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Everything posted by LawrenceA

  1. Tom Tryon was in I MARRIED A MONSTER FROM OUTER SPACE with Maxie Rosenbloom
  2. Bogie, good choices as usual. I haven't seen NEVER GIVE... or YOU'LL NEVER... but I know of them. If I want to see TOBACCO ROAD in real life, I just go to the next county east. That was another film trotted out as an example of anti-American communist propaganda by HUAC and their right-wing cronies. I guess my takeaway from your and Top's comments is that I have terrible taste. Just kidding! I think part of my issue with KANE goes to my anti-authoritarian tendencies. I was told, in books and documentaries etc,for so many years that CITIZEN KANE was unquestionably the greatest achievement i
  3. THE FOG - (8/10) - John Carpenter's underrated big-screen follow-up to 1978's mega-hit HALLOWEEN. The small coastal town of Antonio Bay is gearing up to celebrate the 100 year anniversary of the town's founding when a mysterious fog starts rolling in each night, leaving dead townsfolk in its wake. Can the survivors discover the true nature of the malignant mist, or will the whole town be swept out to sea? Starring Adrienne Barbeau, Jamie Lee Curtis, Janet Leigh, Tom Atkins, Charles Cyphers, Nancy Loomis, George "Buck" Flower, and Hal Holbrook as an alcoholic priest. John Houseman cameos in th
  4. I guess I haven't seen this one. After all your clues, I checked my "seen" list and nothing matches up. I'm really curious now, since I thought I'd seen all of the horror films from that period.
  5. Great job politicizing a tragic event. I thought you said only liberals do that?
  6. 1941 - 72 films seen 1. THE MALTESE FALCON 2. CITIZEN KANE 3. THE WOLF MAN 4. THE DEVIL AND DANIEL WEBSTER 5. SERGEANT YORK 6. HOW GREEN WAS MY VALLEY 7. THE LADY EVE 8. SULLIVAN'S TRAVELS 9. HERE COMES MR. JORDAN 10. BALL OF FIRE Runner-ups: HIGH SIERRA, 49th PARALLEL, THE DEVIL & MISS JONES, SUSPICION, and DR. JEKYLL & MR. HYDE. Humphrey Bogart is my favorite film star of all time, and THE MALTESE FALCON is my second favorite Bogart film. I love every aspect of it; the performances, the dialogue, the cinematography, everything. It just gets to me more than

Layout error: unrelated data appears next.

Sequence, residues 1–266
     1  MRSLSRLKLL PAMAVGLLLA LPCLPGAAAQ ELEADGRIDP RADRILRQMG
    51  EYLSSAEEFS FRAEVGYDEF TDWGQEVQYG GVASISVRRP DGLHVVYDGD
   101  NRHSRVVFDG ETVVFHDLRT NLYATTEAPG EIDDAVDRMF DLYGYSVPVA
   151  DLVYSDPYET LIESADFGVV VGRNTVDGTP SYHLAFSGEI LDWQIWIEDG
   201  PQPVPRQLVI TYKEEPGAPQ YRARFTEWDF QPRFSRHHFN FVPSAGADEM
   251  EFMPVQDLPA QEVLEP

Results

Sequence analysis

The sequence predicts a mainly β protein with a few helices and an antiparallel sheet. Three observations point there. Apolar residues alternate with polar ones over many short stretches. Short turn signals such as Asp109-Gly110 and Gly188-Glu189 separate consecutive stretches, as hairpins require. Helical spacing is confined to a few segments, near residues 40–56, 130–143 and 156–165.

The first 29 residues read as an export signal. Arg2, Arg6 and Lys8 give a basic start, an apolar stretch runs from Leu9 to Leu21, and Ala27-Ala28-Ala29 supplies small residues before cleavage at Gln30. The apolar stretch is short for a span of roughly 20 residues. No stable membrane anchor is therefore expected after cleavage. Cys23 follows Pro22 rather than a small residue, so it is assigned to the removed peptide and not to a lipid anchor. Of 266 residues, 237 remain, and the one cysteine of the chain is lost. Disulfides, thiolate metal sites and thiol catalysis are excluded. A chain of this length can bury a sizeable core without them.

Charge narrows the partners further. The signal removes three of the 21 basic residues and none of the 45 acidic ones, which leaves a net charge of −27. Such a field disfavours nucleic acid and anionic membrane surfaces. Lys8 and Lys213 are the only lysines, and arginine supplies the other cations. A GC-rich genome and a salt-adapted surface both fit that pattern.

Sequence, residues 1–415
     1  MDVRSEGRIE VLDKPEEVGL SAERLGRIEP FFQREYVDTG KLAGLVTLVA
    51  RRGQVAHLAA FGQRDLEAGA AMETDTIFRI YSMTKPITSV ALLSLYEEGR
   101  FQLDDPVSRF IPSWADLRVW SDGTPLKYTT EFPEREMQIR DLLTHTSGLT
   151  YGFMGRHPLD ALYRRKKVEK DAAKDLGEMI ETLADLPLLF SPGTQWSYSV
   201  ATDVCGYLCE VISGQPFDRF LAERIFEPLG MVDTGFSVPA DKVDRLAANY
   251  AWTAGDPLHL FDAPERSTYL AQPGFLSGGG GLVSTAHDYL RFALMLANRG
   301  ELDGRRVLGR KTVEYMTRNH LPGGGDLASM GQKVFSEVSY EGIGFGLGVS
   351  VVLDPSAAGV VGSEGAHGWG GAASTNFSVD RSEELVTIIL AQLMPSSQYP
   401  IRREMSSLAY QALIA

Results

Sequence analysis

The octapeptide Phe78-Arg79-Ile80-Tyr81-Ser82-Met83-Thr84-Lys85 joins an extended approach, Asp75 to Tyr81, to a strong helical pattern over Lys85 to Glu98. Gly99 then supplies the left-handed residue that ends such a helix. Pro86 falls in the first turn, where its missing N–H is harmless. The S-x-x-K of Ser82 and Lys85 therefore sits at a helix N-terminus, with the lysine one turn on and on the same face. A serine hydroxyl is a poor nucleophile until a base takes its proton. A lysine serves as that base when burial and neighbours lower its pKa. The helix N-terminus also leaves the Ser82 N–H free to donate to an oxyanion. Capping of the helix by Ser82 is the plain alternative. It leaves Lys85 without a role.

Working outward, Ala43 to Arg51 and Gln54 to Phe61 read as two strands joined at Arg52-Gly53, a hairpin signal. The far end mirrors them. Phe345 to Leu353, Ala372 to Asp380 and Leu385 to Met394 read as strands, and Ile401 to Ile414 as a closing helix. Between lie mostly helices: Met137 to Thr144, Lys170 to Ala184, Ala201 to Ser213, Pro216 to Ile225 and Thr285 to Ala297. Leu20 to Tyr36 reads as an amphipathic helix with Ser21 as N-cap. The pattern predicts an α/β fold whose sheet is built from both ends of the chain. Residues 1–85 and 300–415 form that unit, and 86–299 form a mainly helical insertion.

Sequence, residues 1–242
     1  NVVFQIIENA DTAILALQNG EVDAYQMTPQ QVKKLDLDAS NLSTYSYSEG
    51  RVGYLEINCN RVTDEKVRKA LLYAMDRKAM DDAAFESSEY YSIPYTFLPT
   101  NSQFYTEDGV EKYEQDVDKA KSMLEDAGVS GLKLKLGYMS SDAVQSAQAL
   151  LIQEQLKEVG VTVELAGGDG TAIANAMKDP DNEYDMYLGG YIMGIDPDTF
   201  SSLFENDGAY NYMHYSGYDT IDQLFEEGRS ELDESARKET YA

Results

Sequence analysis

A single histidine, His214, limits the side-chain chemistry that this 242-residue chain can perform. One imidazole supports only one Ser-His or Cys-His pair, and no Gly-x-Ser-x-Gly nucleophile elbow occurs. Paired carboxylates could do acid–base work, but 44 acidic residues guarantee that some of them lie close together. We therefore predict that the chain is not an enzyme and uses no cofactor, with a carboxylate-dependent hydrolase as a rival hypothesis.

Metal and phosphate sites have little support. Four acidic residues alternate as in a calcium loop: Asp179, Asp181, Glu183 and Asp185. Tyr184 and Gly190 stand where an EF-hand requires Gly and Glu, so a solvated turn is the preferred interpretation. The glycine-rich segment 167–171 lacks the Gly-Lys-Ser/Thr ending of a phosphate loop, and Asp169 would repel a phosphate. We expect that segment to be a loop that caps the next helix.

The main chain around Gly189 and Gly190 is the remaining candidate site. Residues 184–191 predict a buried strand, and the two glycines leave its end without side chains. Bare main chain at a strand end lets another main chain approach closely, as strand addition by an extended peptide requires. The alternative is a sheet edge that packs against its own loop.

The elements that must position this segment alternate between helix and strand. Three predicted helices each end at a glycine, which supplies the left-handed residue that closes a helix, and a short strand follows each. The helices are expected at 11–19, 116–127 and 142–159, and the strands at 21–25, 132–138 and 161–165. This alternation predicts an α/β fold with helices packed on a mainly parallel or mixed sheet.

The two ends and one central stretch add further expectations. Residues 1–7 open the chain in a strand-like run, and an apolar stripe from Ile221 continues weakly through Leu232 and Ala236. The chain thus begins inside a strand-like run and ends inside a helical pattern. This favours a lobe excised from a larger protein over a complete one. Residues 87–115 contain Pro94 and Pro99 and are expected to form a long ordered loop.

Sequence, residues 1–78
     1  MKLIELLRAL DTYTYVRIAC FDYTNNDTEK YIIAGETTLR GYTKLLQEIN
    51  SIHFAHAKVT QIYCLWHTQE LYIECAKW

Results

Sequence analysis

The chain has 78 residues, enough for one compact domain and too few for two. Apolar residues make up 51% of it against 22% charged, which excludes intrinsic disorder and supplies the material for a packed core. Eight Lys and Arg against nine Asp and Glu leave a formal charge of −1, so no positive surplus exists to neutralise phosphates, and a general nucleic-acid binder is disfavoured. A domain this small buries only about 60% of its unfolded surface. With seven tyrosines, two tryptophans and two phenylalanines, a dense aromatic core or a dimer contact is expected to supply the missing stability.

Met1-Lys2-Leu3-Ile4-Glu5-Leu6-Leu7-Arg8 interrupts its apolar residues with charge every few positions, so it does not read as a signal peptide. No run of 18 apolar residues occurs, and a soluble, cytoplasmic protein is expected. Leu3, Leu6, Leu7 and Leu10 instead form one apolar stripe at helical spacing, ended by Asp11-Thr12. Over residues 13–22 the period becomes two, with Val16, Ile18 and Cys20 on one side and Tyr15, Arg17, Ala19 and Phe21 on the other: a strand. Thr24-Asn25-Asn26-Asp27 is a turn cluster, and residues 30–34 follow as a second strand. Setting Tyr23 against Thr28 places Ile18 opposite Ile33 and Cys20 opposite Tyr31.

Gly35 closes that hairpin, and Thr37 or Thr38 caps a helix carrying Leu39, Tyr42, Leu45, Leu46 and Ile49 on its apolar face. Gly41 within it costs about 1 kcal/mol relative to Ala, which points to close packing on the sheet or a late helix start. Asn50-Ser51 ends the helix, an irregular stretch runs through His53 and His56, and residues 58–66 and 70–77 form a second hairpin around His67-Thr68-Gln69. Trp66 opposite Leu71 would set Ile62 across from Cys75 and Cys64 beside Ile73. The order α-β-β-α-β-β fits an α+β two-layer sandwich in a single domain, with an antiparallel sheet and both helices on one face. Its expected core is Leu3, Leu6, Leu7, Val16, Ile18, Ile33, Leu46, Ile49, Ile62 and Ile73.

7. The point I was trying to make is, if you've seen enough films, or read enough about them and their creation, or attended some kind of film school(I did not), or worked in film (I did not), you can determine if a film is better made in the sense of production value, quality of performances, use of editing, camera set-ups, sound design, quality and depth of the screenplay, etc. But all of those superlatives don't necessarily add up to an experience that moves you on a personal, emotional level. I was saying I chose films that move me in that fashion, as opposed to movies that may be technically
  9. I love SHOCK WAVES! In the larger-than-expected sub-genre of Nazi Zombie horror films, it was the first and, imho, still the best. Peter Cushing played the creator of the zombies, living like a hermit in the big abandoned hotel on the island. The movie has loads of atmosphere that make up for the budgetary shortcomings. I've seen TROLL a few times, many years ago, and TROLL 2 once, probably when it first came out on tape. I recall it being terrible, but not amazingly so. Since then, it's gathered a reputation as being the "best worst movie ever." A documentary about its making was
  10. THE FIRST DEADLY SIN - (6/10) - Frank Sinatra's final starring role came in this fairly routine police procedural. He's after a serial killer, while at the same time dealing with a hospitalized wife (Faye Dunaway), a new boss (Anthony Zerbe), and his own impending retirement. Also with James Whitmore, Brenda Vaccaro, David Dukes, Jeffrey DeMunn, Joe Spinell, and George Coe. Martin Gabel, in his final film, almost steals the picture as an intrepid museum curator. Bruce Willis, in his film debut, walks into a restaurant. Sinatra's movie career goes out with a fizzle, but at least it's better
  11. Ringo Starr was in CANDY with James Coburn.
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